Dave, maybe a new therapy will re-crown PB and Js as the staple of school lunches! It was my easy go-to growing up. That’s a tall order because as many as a quarter of kids with food allergies have a peanut allergy. But freeing these kids of their allergy would improve their lives because it’d take their fear away.
But there's a promising new product that may help. It’s a patch, called Viaskin, which delivers small amounts of peanut protein through the skin.
In clinical trials, it delivered a high dose of 250 milligrams or a low dose of 100 milligrams randomly to two groups of people aged four to 25. A third group got a placebo. New patches were applied daily on the arm or between the shoulder blades. After one year, researchers tested the participants’ tolerance for at least ten times the amount of peanut protein they could tolerate before the treatment.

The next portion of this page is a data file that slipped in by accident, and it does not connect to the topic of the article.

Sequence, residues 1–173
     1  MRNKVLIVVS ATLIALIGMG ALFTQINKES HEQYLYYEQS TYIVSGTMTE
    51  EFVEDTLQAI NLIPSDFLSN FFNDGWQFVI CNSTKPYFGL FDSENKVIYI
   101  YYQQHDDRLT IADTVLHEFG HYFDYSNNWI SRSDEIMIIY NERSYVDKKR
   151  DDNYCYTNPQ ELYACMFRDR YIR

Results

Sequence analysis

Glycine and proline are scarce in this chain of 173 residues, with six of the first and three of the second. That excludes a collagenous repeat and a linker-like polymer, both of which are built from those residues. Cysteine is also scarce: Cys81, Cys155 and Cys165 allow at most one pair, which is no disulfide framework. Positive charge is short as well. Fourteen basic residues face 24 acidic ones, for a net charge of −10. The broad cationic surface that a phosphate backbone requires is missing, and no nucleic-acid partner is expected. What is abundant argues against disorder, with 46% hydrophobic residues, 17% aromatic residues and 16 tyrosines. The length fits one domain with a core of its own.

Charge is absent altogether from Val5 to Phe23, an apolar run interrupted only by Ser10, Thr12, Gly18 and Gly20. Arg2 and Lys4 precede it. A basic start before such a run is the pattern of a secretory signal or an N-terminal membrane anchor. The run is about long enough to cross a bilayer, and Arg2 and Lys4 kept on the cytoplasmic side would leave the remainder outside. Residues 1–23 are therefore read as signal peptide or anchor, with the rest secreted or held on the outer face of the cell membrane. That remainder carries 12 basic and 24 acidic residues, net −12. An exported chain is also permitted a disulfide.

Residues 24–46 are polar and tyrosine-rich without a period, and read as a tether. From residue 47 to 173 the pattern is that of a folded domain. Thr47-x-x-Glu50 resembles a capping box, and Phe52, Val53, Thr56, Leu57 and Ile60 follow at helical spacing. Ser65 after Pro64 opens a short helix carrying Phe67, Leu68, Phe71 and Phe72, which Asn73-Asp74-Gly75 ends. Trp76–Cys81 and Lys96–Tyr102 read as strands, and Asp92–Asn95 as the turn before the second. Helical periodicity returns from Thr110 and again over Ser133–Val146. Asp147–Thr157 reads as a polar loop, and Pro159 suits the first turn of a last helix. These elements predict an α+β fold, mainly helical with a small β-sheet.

Forty-six percent of the low dose group and forty-eight percent of the high dose group could tolerate that as compared with twelve percent of the placebo groups. Treatment of kids aged 4 to 11 were significantly more successful than those 12 years or older. There were no serious reactions to the patches, just some mild skin irritations.
That’s encouraging especially for the ten to fifteen percent of people who can not tolerate the oral immunotherapy treatments available on the market now. For decades immunotherapy to treat environmental allergies were practiced, but only in the 1980s did Europeans start using it for food allergies. Since then many studies have shown that children could be safely desensitized to food allergens including milk, eggs and more recently, peanuts.
Maybe one day, school cafeterias will be safe again no matter what’s on the menu.
For more information…
Skin patch to treat peanut allergy shows benefit in children
NIH-funded study suggests patch is safe, convenient mode of treatment.
Peanut allergy occurs when your immune system mistakenly identifies peanut proteins as something harmful. Direct or indirect contact with peanuts causes your immune system to release symptom-causing chemicals into your bloodstream.
The Prevalence of Tree Nut Allergy: A Systematic Review
Tree nuts are one of the most common foods causing acute allergic reactions and nearly all tree nuts have been associated with fatal allergic reactions.